We began the Peer Mediation service at Bourne earlier this year. Pupils are trained in conflict resolution techniques to help resolve low level conflicts, address bullying, and prevent arguments in the playground.
Peer Mediation is a powerful, positive initiative because it offers effective life skills, conflict resolution tools and support to anti-bullying strategies. This is a whole school approach supported by our Restorative Approach to behaviour and relationships. Our peer mediators are called 'Problem Busters' and are made up of a group of children from year 4 and 5.
How do I apply to become a Problem Buster?
You can apply to become a Problem Buster once you reach the summer term of Year 3. There is then a selection process:
- 1. Complete an application form to apply for the post.
- 2. Mr Bornman (Year 6 Teacher and Phase Leader) and Mrs Winn (Senior SMSA) will review the application forms with the Senior Leadership Team and select 10-12 peer mediators.
- 3. The children then take part in a series of training sessions. This training teaches the newly appointed mediators the correct strategies to resolve conflicts.
- 4. The new peer mediators shadow the current Year 4 and 5 mediators in the playground to gain invaluable hands on experience.
- 5. At the start of the new academic year, once the children are in Year 4 and 5, the new Problem Busters are then introduced to the school during an assembly.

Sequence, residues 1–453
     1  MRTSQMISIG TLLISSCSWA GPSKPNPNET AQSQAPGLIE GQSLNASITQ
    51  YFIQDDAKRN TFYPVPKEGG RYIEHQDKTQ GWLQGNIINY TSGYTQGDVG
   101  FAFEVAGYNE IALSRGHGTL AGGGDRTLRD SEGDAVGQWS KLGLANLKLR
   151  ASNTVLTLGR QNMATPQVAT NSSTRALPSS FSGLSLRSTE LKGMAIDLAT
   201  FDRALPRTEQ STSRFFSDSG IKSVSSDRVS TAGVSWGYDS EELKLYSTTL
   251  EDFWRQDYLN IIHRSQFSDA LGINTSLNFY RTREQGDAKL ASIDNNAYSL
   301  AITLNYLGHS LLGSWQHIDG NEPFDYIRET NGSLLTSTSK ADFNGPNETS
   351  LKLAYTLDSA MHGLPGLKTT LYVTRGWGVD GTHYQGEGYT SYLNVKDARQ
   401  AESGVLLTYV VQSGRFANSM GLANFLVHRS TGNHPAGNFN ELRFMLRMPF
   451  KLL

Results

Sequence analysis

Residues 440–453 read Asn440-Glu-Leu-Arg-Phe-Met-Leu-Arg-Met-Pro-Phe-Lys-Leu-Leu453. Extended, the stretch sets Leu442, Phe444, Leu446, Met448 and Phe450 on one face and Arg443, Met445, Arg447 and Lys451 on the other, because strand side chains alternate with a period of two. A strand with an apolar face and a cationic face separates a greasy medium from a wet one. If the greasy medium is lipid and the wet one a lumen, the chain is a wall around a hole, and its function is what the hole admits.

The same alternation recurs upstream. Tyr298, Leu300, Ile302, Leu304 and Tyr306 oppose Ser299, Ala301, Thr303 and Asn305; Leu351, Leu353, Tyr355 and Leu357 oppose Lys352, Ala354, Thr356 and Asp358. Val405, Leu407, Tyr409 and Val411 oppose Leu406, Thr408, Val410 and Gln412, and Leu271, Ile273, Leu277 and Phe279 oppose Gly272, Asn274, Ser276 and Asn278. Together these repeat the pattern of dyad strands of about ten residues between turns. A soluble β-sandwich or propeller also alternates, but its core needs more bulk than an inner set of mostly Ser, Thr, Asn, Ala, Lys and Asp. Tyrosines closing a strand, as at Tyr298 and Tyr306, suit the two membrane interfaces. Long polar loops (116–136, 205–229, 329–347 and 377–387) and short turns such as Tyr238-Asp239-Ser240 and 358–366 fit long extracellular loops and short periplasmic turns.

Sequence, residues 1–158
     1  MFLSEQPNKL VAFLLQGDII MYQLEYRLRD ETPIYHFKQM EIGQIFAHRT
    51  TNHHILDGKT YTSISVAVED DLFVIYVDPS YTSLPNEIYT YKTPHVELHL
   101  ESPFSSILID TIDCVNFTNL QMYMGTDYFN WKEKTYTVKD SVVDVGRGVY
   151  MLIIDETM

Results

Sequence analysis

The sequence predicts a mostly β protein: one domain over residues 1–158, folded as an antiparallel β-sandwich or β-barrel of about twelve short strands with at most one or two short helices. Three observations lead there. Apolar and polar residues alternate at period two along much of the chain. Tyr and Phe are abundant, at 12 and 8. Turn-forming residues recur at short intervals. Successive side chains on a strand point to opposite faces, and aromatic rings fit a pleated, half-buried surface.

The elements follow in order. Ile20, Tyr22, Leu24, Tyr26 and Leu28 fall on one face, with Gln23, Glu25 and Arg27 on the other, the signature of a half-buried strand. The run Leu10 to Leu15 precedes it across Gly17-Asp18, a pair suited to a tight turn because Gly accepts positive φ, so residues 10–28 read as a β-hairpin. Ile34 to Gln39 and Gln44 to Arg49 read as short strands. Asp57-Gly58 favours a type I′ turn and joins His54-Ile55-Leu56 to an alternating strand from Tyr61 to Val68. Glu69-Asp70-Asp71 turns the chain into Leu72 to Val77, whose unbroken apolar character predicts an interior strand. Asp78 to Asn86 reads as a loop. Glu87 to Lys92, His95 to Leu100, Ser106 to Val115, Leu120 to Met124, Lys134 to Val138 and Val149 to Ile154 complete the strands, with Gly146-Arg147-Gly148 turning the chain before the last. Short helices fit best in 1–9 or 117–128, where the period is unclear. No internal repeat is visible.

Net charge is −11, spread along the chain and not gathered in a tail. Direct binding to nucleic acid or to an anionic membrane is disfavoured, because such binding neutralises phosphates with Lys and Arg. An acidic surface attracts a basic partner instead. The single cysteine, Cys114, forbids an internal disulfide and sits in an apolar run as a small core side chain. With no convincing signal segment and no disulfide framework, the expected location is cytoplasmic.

What does the job involve?
Children in the playground, at times, feel they would rather ask a Problem Buster to help them resolve their issues in the playground. The mediation process involves two Problem Busters sitting in a quiet area with the children involved and finding a resolution. If the mediators feel they are not equipped to deal with the conflict then it is referred to a member of staff. However, our mediators often find that they are able to resolve the situations themselves. Please note that physical altercations are always dealt with by a member of staff.
Mediators are required to keep a record of any conflict resolution that occurs in the playground. There is a book where entries should be logged at the end of every lunch time.
What support is given to a Problem Buster?
Due to the nature of this job and the fact that it can sometimes be demanding, support is always on hand. Weekly meetings are held to discuss which strategies are successful when resolving conflicts and any areas with which they require some support.
Our mediators say their important role has been extremely beneficial to the children in the playground as well as themselves. The children’s confidence has improved and we think they all do a fantastic job!